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Oral bisphosphonate use and breast cancer incidence in postmenopausal women

Chlebowski, RT and Chen, Z and Cauley, JA and Anderson, G and Rodabough, RJ and McTiernan, A and Lane, DS and Manson, JAE and Snetselaar, L and Yasmeen, S and O'Sullivan, MJ and Safford, M and Hendrix, SL and Wallace, RB (2010) Oral bisphosphonate use and breast cancer incidence in postmenopausal women. Journal of Clinical Oncology, 28 (22). 3582 - 3590. ISSN 0732-183X

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Purpose: Emerging clinical evidence suggests intravenous bisphosphonates may inhibit breast cancer while oral bisphosphonates have received limited evaluation regarding breast cancer influence. Patients and Methods: The association between oral bisphosphonate use and invasive breast cancer was examined in postmenopausal women enrolled onto the Women's Health Initiative (WHI). We compared a published hip fracture prediction model, which did not incorporate bone mineral density (BMD), with total hip BMD in 10,418 WHI participants who had both determinations. To adjust for potential BMD difference based on bisphosphonate use, the hip fracture prediction score was included in multivariant analyses as a BMD surrogate. Results: Of the 154,768 participants, 2,816 were oral bisphosphonate users at entry (90% alendronate, 10% etidronate). As calculated hip fracture risk score was significantly associated with both BMD (regression line = 0.79 to 0.0478 log predicted fracture; P < .001; r = 0.43) and breast cancer incidence (P = .03), this variable was incorporated into regression analyses to adjust for BMD difference between users and nonusers of bisphopshonate. After 7.8 mean years of follow-up (standard deviation, 1.7), invasive breast cancer incidence was lower in bisphosphonate users (hazard ratio [HR], 0.68; 95% CI, 0.52 to 0.88; P < .01) as was incidence of estrogen receptor (ER) -positive invasive cancers (HR, 0.70; 95% CI, 0.52 to 0.94, P = .02). A similar but not significant trend was seen for ER-negative invasive cancers. The incidence of ductal carcinoma in situ was higher in bisphosphonate users (HR, 1.58; 95% CI, 1.08 to 2.31; P = .02). Conclusion: Oral bisphosphonate use was associated with significantly lower invasive breast cancer incidence, suggesting bisphosphonates may have inhibiting effects on breast cancer. © 2010 by American Society of Clinical Oncology.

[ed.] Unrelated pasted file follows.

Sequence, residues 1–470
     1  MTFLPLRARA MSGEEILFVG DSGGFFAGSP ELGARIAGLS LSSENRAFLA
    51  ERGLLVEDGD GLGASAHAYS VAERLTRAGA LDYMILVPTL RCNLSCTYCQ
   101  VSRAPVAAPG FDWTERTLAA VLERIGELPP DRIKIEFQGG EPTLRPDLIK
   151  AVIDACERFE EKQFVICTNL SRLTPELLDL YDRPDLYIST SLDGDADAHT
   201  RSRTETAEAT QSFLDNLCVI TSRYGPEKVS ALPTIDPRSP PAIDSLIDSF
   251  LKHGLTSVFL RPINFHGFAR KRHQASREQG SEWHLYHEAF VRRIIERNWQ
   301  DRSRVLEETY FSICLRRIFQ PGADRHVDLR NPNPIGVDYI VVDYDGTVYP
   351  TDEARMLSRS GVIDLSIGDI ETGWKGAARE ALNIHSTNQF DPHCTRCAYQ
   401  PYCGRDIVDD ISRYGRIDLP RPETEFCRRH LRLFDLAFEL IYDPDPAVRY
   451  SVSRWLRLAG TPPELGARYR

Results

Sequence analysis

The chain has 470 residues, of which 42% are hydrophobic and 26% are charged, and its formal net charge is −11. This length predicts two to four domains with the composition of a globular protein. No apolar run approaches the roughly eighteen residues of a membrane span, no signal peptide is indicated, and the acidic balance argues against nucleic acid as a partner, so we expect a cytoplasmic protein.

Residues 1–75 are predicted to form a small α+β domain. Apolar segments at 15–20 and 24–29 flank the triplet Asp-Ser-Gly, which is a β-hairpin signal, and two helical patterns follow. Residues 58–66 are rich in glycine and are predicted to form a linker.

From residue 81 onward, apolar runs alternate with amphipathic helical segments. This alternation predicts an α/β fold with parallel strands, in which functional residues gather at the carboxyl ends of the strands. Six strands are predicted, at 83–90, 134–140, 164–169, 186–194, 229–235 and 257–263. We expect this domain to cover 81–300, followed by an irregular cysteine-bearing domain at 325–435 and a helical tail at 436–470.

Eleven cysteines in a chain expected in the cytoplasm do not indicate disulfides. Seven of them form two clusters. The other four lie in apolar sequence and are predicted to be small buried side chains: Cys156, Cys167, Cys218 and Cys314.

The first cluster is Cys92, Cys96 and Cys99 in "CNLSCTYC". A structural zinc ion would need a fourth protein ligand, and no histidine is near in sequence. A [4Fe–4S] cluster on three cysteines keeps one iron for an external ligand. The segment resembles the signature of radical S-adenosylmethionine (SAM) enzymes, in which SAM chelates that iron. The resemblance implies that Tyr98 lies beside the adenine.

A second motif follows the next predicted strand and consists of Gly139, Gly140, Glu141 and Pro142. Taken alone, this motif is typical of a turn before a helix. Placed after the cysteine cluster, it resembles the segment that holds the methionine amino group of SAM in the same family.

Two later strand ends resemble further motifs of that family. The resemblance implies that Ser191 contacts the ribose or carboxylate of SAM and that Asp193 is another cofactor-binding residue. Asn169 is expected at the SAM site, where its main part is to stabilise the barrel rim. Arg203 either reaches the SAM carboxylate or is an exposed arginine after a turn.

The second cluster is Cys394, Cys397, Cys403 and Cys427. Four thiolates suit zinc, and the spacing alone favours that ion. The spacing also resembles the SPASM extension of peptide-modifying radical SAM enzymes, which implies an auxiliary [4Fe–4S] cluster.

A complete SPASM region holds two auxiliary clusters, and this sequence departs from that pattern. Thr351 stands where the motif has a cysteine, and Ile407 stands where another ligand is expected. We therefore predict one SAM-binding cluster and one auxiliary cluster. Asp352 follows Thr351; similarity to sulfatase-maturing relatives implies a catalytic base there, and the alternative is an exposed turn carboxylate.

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Item Type: Article
Status: Published
CreatorsEmailPitt UsernameORCID
Chlebowski, RT
Chen, Z
Cauley, JAJCauley@edc.pitt.eduJCAULEY
Anderson, G
Rodabough, RJ
McTiernan, A
Lane, DS
Manson, JAE
Snetselaar, L
Yasmeen, S
O'Sullivan, MJ
Safford, M
Hendrix, SL
Wallace, RB
Date: 1 August 2010
Date Type: Publication
Journal or Publication Title: Journal of Clinical Oncology
Volume: 28
Number: 22
Page Range: 3582 - 3590
DOI or Unique Handle: 10.1200/jco.2010.28.2095
Schools and Programs: Graduate School of Public Health > Epidemiology
Refereed: Yes
ISSN: 0732-183X
Date Deposited: 12 May 2015 19:59
Last Modified: 02 Feb 2019 15:55


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